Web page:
I tested positive in February of that year. I had lost my lover several months earlier, which is what made me feel that I should get tested. I cannot say whether he had the virus or not, but I needed to know whether I did.
There have been many things that have happened to me in my thirty-plus years, but testing positive was totally devastating, even though I kind of knew what the results of the test were going to be.
I disclosed my status fairly quickly to my sister and a few friends. I needed to tell someone. They were very supportive and helped me try to deal with this virus that I now had to live with. They allowed me to talk about my feelings, and sometimes went with me to see my doctor. I think it was just as hard for them as it was for me, and I was the one who had tested positive. I guess my story is not much different from that of most people when they find out that they are HIV-positive or have full-blown AIDS.
It was ironic that, although I kept my doctors' appointments, I could still deny that I was HIV-positive. I had always been someone who drank alcohol, but it seemed to get worse. I started to drink more. I felt good when I drank, and I did not have to think about being HIV-positive. I also think that I still felt normal, like "I can still do the things I did when I was not positive" (or thought I was not).
I was on a binge that lasted several years. Finally, a friend came to me one day and gave me a copy of Body Positive magazine. It was the first magazine I had seen that was addressed to individuals who are infected and affected by the virus. What stood out for me the most was the creed, "You are not alone." I read it over and over again. In some ways it addressed a lot of the issues that I was facing in my life.
I carried that magazine with me for a year and a half before I got the nerve to call Body Positive for help. I thought that I had everything under control. I did not see that my drinking -- among other things in my life -- was out of control, until a friend pulled my coat about how I was living.
It had become a very destructive life. I had always felt that there was something missing, something that I was not getting from family and friends. I tried to go to therapy, but went through three therapists in a six-month period. I had always heard that it was helpful to share what you are going through with others. I finally got up the nerve to call a number in the magazine and enroll into a support group.
So six months later I was in my first support group. It was an experience that I will never forget. I say this because I was able to share with others what had been going on in my life and where I needed to go with it -- that is, where I needed to go with my life.
In many ways it helped me make some serious professional and life changes. I had been working with the psychiatrically disabled during this whole time and had been dealing with their problems, but I could not get my own personal life together. After the experience I had with the group, I could not stop thinking about how much it had made a difference in my life.
I decided that I wanted to do something in the HIV/AIDS community. I had always volunteered for various organizations, but it had never occurred to me to do some work with people who are stricken with the virus. Yet there were plenty of people in my life, whether it was family or friends, who were positive.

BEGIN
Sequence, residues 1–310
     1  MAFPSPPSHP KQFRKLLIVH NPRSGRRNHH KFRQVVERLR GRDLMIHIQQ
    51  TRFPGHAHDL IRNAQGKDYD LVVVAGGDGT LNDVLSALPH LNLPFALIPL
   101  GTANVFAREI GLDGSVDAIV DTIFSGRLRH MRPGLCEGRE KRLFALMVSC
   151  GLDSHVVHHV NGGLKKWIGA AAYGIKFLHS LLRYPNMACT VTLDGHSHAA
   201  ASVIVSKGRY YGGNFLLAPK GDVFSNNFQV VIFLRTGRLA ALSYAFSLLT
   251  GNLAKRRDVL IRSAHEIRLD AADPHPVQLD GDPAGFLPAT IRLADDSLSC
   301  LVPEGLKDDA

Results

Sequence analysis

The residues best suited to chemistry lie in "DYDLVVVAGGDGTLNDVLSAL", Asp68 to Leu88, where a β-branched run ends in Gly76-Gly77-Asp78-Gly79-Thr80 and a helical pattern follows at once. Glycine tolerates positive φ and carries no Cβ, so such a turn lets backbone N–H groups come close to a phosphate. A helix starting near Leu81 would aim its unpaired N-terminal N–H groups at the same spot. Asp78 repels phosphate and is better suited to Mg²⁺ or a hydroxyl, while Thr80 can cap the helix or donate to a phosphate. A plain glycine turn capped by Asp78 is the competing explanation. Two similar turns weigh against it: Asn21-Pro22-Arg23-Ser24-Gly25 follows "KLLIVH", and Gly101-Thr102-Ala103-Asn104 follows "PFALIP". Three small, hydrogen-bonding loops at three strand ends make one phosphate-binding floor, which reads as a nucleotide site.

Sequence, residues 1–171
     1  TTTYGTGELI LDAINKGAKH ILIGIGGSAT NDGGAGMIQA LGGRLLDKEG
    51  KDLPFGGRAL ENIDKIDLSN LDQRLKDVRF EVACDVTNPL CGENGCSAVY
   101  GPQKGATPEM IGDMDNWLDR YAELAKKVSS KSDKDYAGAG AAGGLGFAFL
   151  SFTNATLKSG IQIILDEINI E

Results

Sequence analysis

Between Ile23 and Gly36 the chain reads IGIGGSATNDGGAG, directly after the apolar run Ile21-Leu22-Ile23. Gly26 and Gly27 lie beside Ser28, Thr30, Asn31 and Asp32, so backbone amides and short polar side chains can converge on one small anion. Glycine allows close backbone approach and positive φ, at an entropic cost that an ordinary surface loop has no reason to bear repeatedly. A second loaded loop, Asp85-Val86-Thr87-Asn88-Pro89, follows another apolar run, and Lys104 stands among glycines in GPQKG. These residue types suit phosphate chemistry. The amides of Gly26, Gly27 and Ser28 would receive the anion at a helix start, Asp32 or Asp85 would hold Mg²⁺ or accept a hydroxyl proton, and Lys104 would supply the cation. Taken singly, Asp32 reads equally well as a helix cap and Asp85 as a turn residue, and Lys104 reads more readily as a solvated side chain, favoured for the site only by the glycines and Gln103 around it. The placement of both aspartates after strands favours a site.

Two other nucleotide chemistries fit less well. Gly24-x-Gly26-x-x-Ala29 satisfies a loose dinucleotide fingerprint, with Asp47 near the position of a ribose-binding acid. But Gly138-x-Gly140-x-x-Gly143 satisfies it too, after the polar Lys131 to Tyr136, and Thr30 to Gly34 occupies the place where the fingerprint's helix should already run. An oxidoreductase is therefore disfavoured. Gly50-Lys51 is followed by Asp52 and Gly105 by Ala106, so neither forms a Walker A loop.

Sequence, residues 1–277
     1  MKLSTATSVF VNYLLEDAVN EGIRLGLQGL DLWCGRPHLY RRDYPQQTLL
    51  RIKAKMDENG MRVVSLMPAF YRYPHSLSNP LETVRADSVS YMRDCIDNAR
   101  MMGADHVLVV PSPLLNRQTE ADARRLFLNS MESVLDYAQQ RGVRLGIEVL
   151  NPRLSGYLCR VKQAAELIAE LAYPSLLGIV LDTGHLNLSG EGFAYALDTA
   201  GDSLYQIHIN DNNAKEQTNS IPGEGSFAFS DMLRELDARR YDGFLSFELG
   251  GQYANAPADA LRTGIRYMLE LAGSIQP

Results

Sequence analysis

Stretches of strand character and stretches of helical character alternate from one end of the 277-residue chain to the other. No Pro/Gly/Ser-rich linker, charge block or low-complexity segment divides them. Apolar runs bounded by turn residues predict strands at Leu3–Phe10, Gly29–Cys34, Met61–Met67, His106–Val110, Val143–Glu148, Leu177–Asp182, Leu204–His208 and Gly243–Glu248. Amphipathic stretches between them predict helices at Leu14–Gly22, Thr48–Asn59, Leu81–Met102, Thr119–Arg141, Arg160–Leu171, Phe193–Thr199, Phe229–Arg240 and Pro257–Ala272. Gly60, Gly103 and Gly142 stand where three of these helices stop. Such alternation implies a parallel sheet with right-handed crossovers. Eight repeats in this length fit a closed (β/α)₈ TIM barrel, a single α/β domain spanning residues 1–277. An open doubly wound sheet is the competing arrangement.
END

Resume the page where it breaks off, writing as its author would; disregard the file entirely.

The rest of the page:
So I decided to become a group facilitator. I called the agency that I had done my support group with, and they trained me to run support groups. Several months later I was doing my first group.
I made up my mind during this time that this is the type of work I would like to be doing. I began to look for full-time employment with an agency that provides services for individuals who have the virus. I landed a job as a case manager at Bronx AIDS Services, where I was responsible for securing entitlements for clients who were infected and affected by the virus. I helped them to secure financial entitlements, such as SSI, SSD, and DASIS. I also helped clients obtain appropriate housing and ran support groups for gay men and for the families and friends of infected individuals. Although at times I found it difficult to deal with the problems of people who had the same virus I do, the work was very rewarding to me.
For the past two and a half years I have been working full time in the HIV/AIDS community. This was the best thing for me to do. My life has changed so much during this time. My work with AIDS, first as a volunteer support group facilitator and later as a full-time employee, helped me to understand better that I can live with this virus and that I do not have to let it control me. I realized that I am a person with HIV -- I am not HIV itself. I have had to incorporate the virus into my life in order to survive.
Several of my family members and friends ask me, "How do you do it? You are HIV-positive and you work with that population every day." I tell them that I am not only helping others but that I am helping myself stay alive. I truly believe life begets life, and as long as I have the strength to continue my work I will do so, knowing that I came from a place where I thought my life was over. This may sound ridiculous, but being HIV-positive has not only brought an array of problems for me but it has also given me something to live for.
Now my life has made a complete circle. I am now employed at Body Positive as the Coordinator of Community Outreach and Education. Who would have believed that joining a support group would actually bring about such a change in my personal life and professional career. I do not think I would change my life for anything at this point.
Illustration by S. Weininger
David Gonzalez is Coordinator of Community Outreach and Education for Body Positive, Inc.